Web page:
Last night I watched Cardinals-Pirates on ESPN and it was a breathtaking night of baseball for me, so memorable that I found myself remembering how much September 28, 2011 captured the heart of the baseball nation, and then getting sort of mad over that dredged up memory.
That night will go down in history as quite possibly ushering in the double-wildcard era of MLB. I've heard sports yakkers muse about how Bud Selig wanted to recreate that night and set to work creating the wild card playoff. Just to refresh our memories, September 28, 2011 featured 2 games in the AL to decide the AL wildcard and 2 games in the NL to decide the NL wildcard. Boston and Tampa Bay were tied and St. Louis and Atlanta were tied going into the night. Each of the 4 games was on National TV and the whole Baseball world was watching breathlessly. Everyone talked afterward about how awesome it was. TB rallied against Mariano Rivera, while at Camden Yards, Jonathon Papelbon (everyone's favorite punching back this week) blew a save against the Orioles. St. Louis clobbered Houston early, then watched in fascination as Philadelphia stunned the Braves with a 9th inning comeback and won in 13 innings. Tampa Bay and St. Louis snatched the wildcards in a night of all-out frenzy that had all of MLB buzzing (not just then: yesterday, a Cubs blogger pointed out that 9/28/2011 is one reason why the Cubs are already in the postseason this year).
I remember that night as well as anyone else, and it was exciting, breathtaking even, especially in the AL with 2 almost simultaneous walk-offs.
Here's the thing: these 4 teams were fighting over a SECOND PLACE PRIZE -- a booby prize, if you will. Heck in the AL, they were literally breaking a tie for SECOND PLACE.
Tonight, I watched 2 teams scratching and clawing at each other, fighting over FIRST PLACE and a DIVISION TITLE. They were engaged in a battle to see who is the BEST team in their division, not SECOND BEST (sorry for all the shouting, but it really is what I feel like doing when I think about this).
And then I think of those late September dramatics that are practically impossible now. Like Toronto at Detroit, 1987 tied for first with a weekend series at Tiger stadium for all the marbles. The entire nation watched two teams fight it out for the AL East TITLE. Winner advances, loser goes home. Our hearts broke for Manuel Lee, playing in place of Tony Fernandez, who made 2 errors in the Friday game won by the Tigers 4-3. The Saturday contest clinched the title for the Tigers 3-2 in 12 innings. Both games were on NBC and I remember watching them both. And both teams finished with 96 wins or better (for good measure, the Tigers completed the sweep on Sunday to finish 98-64), not unlike this year's Cardinals and Pirates.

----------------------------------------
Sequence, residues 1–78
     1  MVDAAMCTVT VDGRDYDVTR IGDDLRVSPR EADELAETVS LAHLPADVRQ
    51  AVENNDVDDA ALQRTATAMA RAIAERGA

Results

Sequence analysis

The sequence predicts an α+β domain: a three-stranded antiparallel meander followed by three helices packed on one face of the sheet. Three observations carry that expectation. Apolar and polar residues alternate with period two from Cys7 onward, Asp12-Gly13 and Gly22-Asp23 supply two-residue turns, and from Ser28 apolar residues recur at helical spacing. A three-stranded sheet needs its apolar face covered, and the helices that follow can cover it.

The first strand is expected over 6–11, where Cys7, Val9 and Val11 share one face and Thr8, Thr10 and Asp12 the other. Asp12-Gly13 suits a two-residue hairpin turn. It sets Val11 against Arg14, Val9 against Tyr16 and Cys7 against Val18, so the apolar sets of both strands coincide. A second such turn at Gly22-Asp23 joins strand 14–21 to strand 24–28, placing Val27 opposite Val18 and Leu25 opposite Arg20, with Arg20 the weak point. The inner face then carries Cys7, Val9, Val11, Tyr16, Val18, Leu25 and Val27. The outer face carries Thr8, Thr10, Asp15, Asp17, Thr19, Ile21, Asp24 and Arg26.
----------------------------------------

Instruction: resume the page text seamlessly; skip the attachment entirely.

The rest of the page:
And all anyone would want to talk about today is how unfair it was back then that a team like the Blue Jays was kept out of the postseason while the relatively mediocre Twins got to play the Tigers in the ALCS, instead of talking about how breathtakingly exciting it was to watch that weekend series for all the AL East marbles.
Then there was the last weekend in September, 1973 with the Pirates, the Cardinals, and the Mets all fighting for first place in the NL East, and the Mets at Wrigley for a 4 games series (the Cubs weren't that far behind these 3; the NL East was extremely weak that year). As longtime Cardinals fans no doubt painfully recall, if the Cubs had taken care of business that weekend, and the Pirates had won their makeup game with San Diego, there could have been a 3-way tie for first at 81-81. The Cardinals had just taken a series from the Cubs and a series from the Phillies to end the season at .500. We all watched the Mets and Cubs get rained out on Friday and Saturday, then split a DH on Sunday. The Mets won the first game on Monday, making the final game of the series and Pittsburgh's trip out west unnecessary. Not the same high quality baseball as in 1987, but we still watched because only one team was going to emerge with the right to move on.